The tale of my living room rug brings forth too many emotions

chrissycsmith October 12, 2014 Comments Off on The tale of my living room rug brings forth too many emotions
The tale of my living room rug brings forth too many emotions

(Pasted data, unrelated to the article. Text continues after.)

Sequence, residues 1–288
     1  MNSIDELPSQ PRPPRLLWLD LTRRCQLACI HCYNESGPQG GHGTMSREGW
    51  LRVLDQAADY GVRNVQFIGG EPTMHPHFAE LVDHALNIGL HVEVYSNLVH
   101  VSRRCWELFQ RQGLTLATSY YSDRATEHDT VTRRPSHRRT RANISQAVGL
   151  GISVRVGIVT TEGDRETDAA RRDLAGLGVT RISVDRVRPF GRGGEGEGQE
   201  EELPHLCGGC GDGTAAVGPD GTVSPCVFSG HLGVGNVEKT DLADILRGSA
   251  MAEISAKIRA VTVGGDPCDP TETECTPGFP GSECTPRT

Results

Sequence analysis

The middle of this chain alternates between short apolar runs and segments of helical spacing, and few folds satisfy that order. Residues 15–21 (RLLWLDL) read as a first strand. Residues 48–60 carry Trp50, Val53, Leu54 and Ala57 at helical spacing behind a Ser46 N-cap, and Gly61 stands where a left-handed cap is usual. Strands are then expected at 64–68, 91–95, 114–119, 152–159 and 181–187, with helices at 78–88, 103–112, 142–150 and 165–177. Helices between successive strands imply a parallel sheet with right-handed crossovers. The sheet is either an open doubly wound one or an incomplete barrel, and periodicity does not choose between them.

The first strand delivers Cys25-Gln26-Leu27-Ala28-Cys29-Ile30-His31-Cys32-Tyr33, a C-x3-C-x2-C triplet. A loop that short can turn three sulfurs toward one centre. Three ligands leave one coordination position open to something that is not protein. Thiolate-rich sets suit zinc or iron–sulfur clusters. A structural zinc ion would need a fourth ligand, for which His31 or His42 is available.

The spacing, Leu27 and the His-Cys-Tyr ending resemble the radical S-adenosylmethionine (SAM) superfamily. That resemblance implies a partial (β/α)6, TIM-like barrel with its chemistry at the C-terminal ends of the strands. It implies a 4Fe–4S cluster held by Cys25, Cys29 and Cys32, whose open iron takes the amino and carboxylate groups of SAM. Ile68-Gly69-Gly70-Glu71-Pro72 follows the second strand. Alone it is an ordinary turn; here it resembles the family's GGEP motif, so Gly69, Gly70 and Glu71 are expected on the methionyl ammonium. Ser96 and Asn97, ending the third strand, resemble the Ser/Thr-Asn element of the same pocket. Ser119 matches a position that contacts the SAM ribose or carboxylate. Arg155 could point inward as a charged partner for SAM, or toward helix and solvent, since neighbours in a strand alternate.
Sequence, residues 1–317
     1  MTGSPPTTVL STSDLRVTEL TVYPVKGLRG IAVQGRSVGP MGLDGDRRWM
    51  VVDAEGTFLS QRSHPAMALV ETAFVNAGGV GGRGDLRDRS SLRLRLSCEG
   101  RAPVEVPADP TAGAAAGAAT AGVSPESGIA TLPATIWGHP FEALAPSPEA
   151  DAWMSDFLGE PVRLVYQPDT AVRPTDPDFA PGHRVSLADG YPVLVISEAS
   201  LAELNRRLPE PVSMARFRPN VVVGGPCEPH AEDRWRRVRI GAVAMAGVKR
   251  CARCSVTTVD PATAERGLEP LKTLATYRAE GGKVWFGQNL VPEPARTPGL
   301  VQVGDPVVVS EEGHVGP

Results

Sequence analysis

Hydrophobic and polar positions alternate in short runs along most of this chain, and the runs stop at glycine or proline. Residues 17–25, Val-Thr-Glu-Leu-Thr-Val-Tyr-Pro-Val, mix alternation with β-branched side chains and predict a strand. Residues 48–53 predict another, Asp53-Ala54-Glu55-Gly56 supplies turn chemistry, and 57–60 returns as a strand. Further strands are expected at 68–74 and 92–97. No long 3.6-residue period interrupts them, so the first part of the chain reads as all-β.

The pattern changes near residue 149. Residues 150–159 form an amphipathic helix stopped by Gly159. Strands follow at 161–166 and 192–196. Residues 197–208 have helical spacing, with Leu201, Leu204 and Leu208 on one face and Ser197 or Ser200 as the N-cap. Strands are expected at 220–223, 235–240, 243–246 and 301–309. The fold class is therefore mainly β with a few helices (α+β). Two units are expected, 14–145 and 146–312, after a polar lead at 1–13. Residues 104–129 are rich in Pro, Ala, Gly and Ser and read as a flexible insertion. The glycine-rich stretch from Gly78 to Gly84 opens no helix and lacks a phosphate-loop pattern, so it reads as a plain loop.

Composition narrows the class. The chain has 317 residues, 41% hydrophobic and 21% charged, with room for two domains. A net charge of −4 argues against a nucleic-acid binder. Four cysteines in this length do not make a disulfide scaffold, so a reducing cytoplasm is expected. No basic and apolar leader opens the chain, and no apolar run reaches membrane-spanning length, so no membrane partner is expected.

I’m about to share with you an epic tale of loss and redemption, of triumph and defeat, of rage and annoyance and really irritating behavior. At the center of this tale: my living room rug. The flooring in our home is mostly stained concrete, and this is great because, four kids. Double fist-bump to the chest for the concrete floors, even if I have to wear orthopedic Crocs at home because the hard floor hurts my flat feet hurt. Did I mention I am 75 years old? Not really, but I think that might be the age minimum for wearing orthopedic Crocs. Regardless, I care not for the rules of fashion because I know what’s really important in this life, and also, I never wear them out of the house. Except once when I wore them to the drugstore, and my daughter said to me, “Mom, you forgot to change out of your Crocs.” I then ran into everyone I know, because that is how life works. Nobody noticed my Old Man Shoes because nobody notices what anybody else is doing or wearing (this may or may not be a Chinese proverb), and the sooner we all accept that fact, the sooner we could get over ourselves. Obviously, I am not entirely over myself. (Disclaimer:  There is nothing wrong with being an old man or wearing Old Man Shoes, that is, unless you are a woman in her 30s. Which I am.) So nobody noticed the shoes until I called their attention to them, because I don’t even know why.  “Just doing some shopping in my awesome orthopedic Crocs!” “Forgot to change shoes before I left the house, but you know you wish you were wearing these orthopedic Crocs!” Maybe I do this for the same reason I apologize to visitors when my house is messy. I want them to know: hey, this–what you see here–this isn’t the real me. My standards are way higher, and really, I’m not the person who wears orthopedic Crocs around town.  Except, I am that person. And my standards really aren’t that high because if they were, maybe my sofa wouldn’t be swallowed by an enormous pile of laundry. Or maybe I’d wash my hair in the morning instead of wearing a baseball cap.  What happened to my standards? I once had a few. Oh, right. Kids. Which brings me back to the rug. It really does tie together. (Sort of.) So our 10-year-old cat Macey, forever on my bad side for meowing at sleeping babies, started peeing on our living room rug. This did not endear her to me. It started when we took in a sweet foster kitty with the intention of adopting her should she fit in at our house. Well, she didn’t fit in. It wasn’t her fault; the poor cat was constantly pursued by my gigantic toddler who wanted to love the life out of her, and then Macey the cat lost her ever-loving mind about the whole thing. The cats never got along, and by “never got along,” I mean Macey would fight the poor foster cat through our closed bedroom door. It is baffling to watch two cats fight one another while separated by a door.  Still, we had grown fond of the kitty (not Macey) and wanted to continue the foster until we found a good home for her. Which is when Macey pulled out the big guns. For cats, that means pee. I don’t know if I can say “pee” in the newspaper. My mother probably won’t like it, but “urinate” is on my list of Words I Do Not Like (along with “nasty” and “stink”), and I just can’t say “tinkle” and expect to be treated as a professional person.  Call it what you want, but it was happening on my rug, and the smell was AWFUL. It’s a blessedly forgiving rug in dark brown, and I ask very little of it, except that it hides stains (check), cushions the baby’s head when he dive-bombs off the couch (check), and does not smell (fail).  Pouring hydrogen peroxide on the offending spots didn’t help, so in desperation I dragged the rug outside and sprayed it down with the garden hose. I’m pretty sure if you Google “how to clean an area rug,” you will not find this method, and you will especially not find a method that involves a trampoline. Right, maybe I should move the wet rug onto our trampoline, I thought, where it would surely aerate and drip dry quickly, and my rug cleaning would be a success. Pulling a soaked 8×10 rug onto a trampoline requires the strength of 17 men, but they weren’t available, so I did it on my own. And after all that work, I realized there was no aeration on the trampoline, nor dripping. Instead there was mold and mildew and children rolling around on a smelly, water-logged rug because OH MY GOSH THERE IS A SLOSHY AND GROSS RUG ON THE TRAMPOLINE WE HAVE TO JUMP ON IT!!!! Children love sloshy and gross. It sat on the trampoline for a day, marinating in it’s not-dry ickiness, until I pulled it back down to the grass where it would surely fare better, I thought. And then the rains came Of course it rained on the rug. Of course it did. For two days it rained on the rug. I was horrified, but what could I do? “You could have brought it inside,” offered my ever-helpful husband when I called him at work to let him know IT IS RAINING ON THE RUG OUTSIDE. (I have no idea why I called to tell him this.)  I do not have a garage, so i’ve no clue where in our home he expected me to deposit an 8×10 rug that was dripping wet and smelled really gross . I’m just grateful I was the one home and not him, because who knows where he would have put the thing. (“I thought laying it over our bed would allow it to dry more quickly.” I’m just saying. It could have happened.) I chalked the thing up as a loss. “There’s no way we can save it,” I said to my husband. “It’s been in the rain! For two days!” I apologized for wrecking the rug, even though it was actually the cat who wrecked the rug, but whatever.  “I did the best I could with the knowledge I had at the time!” I told him, channeling Maya Angelou. He was determined, though–we were going to save that rug. Once the sun came out, he draped it over the fence to dry, and two days later, that rug was back in our house. It smelled not-so-fresh, but thanks to the magic of Google, I’ve discovered rubbing alcohol will take a musty smell out of a rug. It only took a bazillion applications, but it worked.. Thanks to Google, I discovered that rubbing alcohol will take a musty smell out of a rug. It only took a bazillion applications, but it worked.  At some point along the way, we found a wonderful home for the foster kitty, and as sad as we were to see her go, we were glad for our cat to stop attacking our bedroom door in a maniacal rage. In the end, there was victory. A cat with a new home. A rug redeemed. No longer a symbol of defeat, that rug is my triumph. Yes, I at one time (yesterday) wanted to throw it away and buy a new one,  but I was the one who sprayed the alcohol that killed the wet dog smell. I was the one who dragged that thing around the yard and onto the trampoline and watched, dejected, as the rains came. Macey might have ruined the rug, but I ruined it even more, and then I (sort of) fixed it, and if that isn’t an epic tale of inspiration, I don’t know what is. Now go out and do great things.    (Betsy Swenson can be reached at sliindelife@gmail.com.)